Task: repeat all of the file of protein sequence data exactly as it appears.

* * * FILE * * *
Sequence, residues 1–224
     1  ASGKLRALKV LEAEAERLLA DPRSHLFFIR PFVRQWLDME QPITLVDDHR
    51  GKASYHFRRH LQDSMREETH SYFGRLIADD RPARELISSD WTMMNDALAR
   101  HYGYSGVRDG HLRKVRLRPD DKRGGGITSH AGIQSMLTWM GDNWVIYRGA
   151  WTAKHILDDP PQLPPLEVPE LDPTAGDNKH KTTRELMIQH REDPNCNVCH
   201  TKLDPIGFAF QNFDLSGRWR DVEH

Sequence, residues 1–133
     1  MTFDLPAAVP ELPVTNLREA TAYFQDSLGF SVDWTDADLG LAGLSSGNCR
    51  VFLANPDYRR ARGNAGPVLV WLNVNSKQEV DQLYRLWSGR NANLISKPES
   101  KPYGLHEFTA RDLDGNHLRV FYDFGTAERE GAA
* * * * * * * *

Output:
Sequence, residues 1–224
     1  ASGKLRALKV LEAEAERLLA DPRSHLFFIR PFVRQWLDME QPITLVDDHR
    51  GKASYHFRRH LQDSMREETH SYFGRLIADD RPARELISSD WTMMNDALAR
   101  HYGYSGVRDG HLRKVRLRPD DKRGGGITSH AGIQSMLTWM GDNWVIYRGA
   151  WTAKHILDDP PQLPPLEVPE LDPTAGDNKH KTTRELMIQH REDPNCNVCH
   201  TKLDPIGFAF QNFDLSGRWR DVEH

Sequence, residues 1–133
     1  MTFDLPAAVP ELPVTNLREA TAYFQDSLGF SVDWTDADLG LAGLSSGNCR
    51  VFLANPDYRR ARGNAGPVLV WLNVNSKQEV DQLYRLWSGR NANLISKPES
   101  KPYGLHEFTA RDLDGNHLRV FYDFGTAERE GAA